(CN) - Building a case against alleged WikiLeaks source Bradley Manning has taken nearly three times as long as it took to build the Empire State Building, a lawyer for the young soldier claims.
The 24-year-old private first class has been incarcerated since May 2010 for allegedly sending hundreds of thousands of files with U.S. diplomatic and wartime secrets to WikiLeaks.
Manning spent his 845th day in confinement on Sept. 19, attorney David Coombs said, marking the occasion with a new motion to dismiss all charges.
By the expected start of trial on Feb. 4, 2013, that number will be approaching a thousand days, Coombs said.
"To put this amount of time into perspective, the Empire State Building could have been constructed almost two-and-a-half times over in the amount of time it will have taken to bring PFC Manning to trial," the motion states.
Construction of the Empire State building, by contrast, took a record one year and 45 days in 1931.
If construction workers could finish what was then the tallest building in the world ahead of schedule in 410 days, military lawyers have no excuse for their "extreme foot-dragging" in prosecuting an allegedly record-breaking leak, Coombs says.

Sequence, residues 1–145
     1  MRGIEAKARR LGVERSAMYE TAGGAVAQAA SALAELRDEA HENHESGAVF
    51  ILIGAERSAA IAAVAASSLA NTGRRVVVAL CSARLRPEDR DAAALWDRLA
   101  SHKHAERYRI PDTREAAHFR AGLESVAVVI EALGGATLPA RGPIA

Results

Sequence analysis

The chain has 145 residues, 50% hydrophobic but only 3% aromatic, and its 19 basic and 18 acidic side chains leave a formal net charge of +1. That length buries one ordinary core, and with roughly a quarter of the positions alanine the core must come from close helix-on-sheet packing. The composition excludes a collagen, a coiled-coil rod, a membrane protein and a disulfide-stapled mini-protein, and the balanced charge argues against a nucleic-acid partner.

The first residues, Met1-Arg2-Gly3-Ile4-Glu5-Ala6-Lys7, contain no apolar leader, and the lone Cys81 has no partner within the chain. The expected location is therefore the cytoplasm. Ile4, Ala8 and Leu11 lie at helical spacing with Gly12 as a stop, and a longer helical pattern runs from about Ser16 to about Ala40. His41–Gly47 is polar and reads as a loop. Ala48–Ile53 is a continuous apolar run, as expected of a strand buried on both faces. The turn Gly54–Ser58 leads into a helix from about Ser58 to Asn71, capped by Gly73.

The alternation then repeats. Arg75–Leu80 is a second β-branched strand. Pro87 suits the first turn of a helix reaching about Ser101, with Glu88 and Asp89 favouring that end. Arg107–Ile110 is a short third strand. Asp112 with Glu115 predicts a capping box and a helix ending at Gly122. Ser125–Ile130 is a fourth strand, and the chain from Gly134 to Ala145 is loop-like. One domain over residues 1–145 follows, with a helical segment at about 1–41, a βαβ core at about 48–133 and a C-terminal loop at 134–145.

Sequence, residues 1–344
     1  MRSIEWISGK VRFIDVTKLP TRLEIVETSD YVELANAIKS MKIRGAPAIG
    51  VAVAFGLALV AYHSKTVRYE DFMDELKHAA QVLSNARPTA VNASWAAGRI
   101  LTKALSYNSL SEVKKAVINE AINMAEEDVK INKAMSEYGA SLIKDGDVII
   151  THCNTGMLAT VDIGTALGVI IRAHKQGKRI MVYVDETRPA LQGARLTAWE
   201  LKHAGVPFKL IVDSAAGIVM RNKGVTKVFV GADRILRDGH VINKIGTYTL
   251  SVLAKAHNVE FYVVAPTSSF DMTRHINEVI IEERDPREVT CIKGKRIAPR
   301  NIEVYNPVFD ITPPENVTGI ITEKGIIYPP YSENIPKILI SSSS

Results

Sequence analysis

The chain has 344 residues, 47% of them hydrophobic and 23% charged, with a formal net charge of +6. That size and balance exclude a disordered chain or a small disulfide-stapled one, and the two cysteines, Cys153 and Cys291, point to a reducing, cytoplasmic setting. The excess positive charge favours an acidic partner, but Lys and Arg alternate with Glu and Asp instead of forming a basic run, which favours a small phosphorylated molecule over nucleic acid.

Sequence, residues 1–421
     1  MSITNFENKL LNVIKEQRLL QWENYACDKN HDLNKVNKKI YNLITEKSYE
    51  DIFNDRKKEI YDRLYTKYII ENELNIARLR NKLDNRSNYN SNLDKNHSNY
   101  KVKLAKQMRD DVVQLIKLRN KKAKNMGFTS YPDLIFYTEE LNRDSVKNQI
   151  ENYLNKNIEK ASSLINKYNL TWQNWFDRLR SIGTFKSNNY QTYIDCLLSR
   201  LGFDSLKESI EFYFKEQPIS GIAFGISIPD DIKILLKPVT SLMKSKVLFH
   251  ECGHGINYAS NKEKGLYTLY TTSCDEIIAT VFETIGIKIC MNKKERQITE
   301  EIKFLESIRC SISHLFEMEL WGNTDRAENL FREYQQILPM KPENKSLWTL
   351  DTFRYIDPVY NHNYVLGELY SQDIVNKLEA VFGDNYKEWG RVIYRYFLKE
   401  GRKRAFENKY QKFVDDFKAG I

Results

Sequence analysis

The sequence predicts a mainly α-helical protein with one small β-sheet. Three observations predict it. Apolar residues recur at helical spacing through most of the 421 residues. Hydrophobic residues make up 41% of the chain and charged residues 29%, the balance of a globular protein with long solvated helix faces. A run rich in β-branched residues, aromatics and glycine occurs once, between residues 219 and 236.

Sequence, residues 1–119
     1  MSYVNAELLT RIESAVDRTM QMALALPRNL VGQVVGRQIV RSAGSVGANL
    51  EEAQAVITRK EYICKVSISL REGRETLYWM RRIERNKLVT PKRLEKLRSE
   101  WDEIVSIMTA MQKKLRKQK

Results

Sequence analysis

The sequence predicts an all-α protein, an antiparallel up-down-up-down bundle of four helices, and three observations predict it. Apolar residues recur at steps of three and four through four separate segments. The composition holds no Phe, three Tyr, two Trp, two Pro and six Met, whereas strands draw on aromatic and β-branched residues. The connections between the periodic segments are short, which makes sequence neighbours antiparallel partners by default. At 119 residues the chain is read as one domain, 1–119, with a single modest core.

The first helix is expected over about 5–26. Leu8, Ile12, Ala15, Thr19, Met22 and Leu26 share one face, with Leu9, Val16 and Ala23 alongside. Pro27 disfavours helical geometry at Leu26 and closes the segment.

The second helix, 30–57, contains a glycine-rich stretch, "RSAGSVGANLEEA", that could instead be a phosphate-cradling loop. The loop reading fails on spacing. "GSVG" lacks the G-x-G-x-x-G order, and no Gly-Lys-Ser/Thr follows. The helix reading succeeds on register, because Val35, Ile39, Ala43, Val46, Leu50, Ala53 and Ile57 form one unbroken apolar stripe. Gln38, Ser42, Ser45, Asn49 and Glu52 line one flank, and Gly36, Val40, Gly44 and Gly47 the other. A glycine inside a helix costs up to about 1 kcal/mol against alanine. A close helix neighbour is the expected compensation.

To bypass the military's 120-day speedy trial clock, prosecutors have allegedly characterized "federal weekends and holidays" as "excludable delays."
Coombs says there is no case law supporting the maneuver.
"Meanwhile, PFC Manning remained in pretrial confinement for all of December 2011 and January 2012, including on federal holidays and weekends," the motion states.
The court-martial process officially began this February, as Manning deferred a plea on any of the 22 charges against him.
Toward the end of the 117-page motion, Coombs accuses prosecutors of making an "absolute mockery" of speedy trial protections.
"All have lost as a result of the Government's shameful and unjustifiable delay in this case," the motion states. "PFC Manning has lost. The United States Government has lost. The entire system of military justice has lost. There is only one adequate remedy for such a total loss: dismissal of all charges with prejudice."
Prosecutors have not made their counterarguments public because rules for court-martial currently allow for legal filings and judicial rulings to be placed under seal.
Coombs and prosecutors will argue speedy trial issues before the military judge, Col. Denise Lind, on Oct. 29.
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